In some areas there were two ‘ritual’ sheaves kept from the harvest – the Cailleach and the Maiden. The Maiden perhaps sheds light on some of the verses accompanying the dance (see previous post) where the Cailleach an Dùdain is repeatedly asked “will you give your daughter (maiden) to me? This would tie in with the wider Cailleach folklore where she is said to renew her youth each spring and becomes a maiden again. It has been suggested that in her maiden phase she was called Bride, and it is perhaps no coincidence that another corn doll figure called the ‘Brideog’ was made for Saint Bride’s day in February.

“Feast of the Bride, feast of the maiden.
Melodious Bride of the fair palms.
Thou Bride fair charming, ….” (Carmichael, 1900)

 Amongst the recorded variations of the harvest custom, there seems to be the idea that once the grain crop had ripened in the field, then the Cailleach would be there to help (oversee?) the harvesting. This seems to have been seen as her domain – the cutting down of the grain and the gathering of the seed through the threshing process (which took place over the winter months) in order to provide food and fresh seed for the following spring planting. The start of the agricultural year was marked by Là Fhèill Brìghde (Feast of Bride), when the Brideog corn doll was made (from the previous harvest sheaves?) and was perhaps believed to oversee the germination and growth of the crops until harvest time, when the cycle started over again.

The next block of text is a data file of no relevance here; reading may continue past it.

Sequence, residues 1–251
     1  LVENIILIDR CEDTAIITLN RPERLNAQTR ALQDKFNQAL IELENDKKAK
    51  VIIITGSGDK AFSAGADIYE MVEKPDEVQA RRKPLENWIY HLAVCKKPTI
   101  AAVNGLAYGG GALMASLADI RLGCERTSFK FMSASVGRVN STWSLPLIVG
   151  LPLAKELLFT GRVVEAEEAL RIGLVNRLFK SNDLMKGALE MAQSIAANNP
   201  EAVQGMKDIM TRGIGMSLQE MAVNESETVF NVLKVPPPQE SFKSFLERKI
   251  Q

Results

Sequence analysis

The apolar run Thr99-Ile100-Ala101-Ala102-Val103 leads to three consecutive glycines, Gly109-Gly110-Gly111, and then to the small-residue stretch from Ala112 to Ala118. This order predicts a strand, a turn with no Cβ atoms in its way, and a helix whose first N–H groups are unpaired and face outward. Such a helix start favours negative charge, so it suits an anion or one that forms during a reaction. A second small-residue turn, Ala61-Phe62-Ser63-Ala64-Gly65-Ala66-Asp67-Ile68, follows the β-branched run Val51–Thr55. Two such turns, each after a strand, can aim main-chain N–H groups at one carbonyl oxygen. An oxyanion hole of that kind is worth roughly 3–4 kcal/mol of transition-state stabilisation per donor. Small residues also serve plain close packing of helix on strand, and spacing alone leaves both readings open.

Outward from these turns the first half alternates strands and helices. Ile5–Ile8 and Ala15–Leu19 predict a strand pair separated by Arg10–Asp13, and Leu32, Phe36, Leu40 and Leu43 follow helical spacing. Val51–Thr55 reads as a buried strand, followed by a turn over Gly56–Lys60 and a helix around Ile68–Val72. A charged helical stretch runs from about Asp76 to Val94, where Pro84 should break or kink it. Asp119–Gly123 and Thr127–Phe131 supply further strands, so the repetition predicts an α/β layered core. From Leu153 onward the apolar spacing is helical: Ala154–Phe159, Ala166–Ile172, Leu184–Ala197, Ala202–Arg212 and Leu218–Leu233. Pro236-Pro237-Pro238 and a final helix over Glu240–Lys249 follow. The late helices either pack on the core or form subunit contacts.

Both the Cailleach and Bride carried a ‘Slachdan’ (wand or staff) of power, and a little ‘Slachdan Bride’ was placed next to the Brideog doll. In the Dannsa Na Cailleach, the slachdan is given over to the man, although he seems to be unaware of its power over life and death, and accidentally ‘kills’ the woman with it, much to his distress. Luckily he manages to work out how to use the slachdan to bring her back to life, and all is well. But was it actually the same woman who was resurrected? Or did the dance originally symbolise the ‘hand over’ from Bride to the Cailleach? This being the dance of the Old woman, who then took up her role from harvest time until the following spring?

 A similar concept can be seen in the John Barleycorn folk song, where John is the personification of the Barley, and the events that befall him are a metaphor of the whole growing cycle of the crop. Given the Cailleach and Bride’s connection with the Spring ploughing and the Autumn harvest, then a similar metaphor may have once been woven into the local folklore, and played out by them.

 The Cailleach folklore is both fascinating, convoluted, and at times contradictory. The above is an attempt (or starting point) to try and understand the role of the Cailleach an Dùdain at harvest time, as noted in the Carmina Gadelica.  

After thoughts
 In Irish and Manx Gaelic ‘cum’ can also mean to cut, shape, form, contain, or inhabit.
Were the corn dolls originally a kind of ‘fetish’, believed to hold the spirit of Bride and the Cailleach?
Did the male dancer represent the Bodach? – there to wield the slachdan when the Maiden or the Cailleach were unable to do so?
Any connection with the Tigh Nam Bodach – stones moved twice a year – a pastoral version ?
The Scandinavian female seers were called Volva –  meaning wand or staff carrier.

 References
Campbell (1891) Waifs and Strays of Celtic Tradition Vol IV
Carmichael, A. (1900)  Carmina Gadelica Vol I
Flett, J.F. & T.M (1956) Folklore Vol 67, No.2.
Folklore Journal (1896) vol 7 

Image credits
Harvesting – Alexander Anderson 1775-1870
Corn doll ??
dancers – Harper’s Weekly magazine Jan 1 1900

The Lay of the Land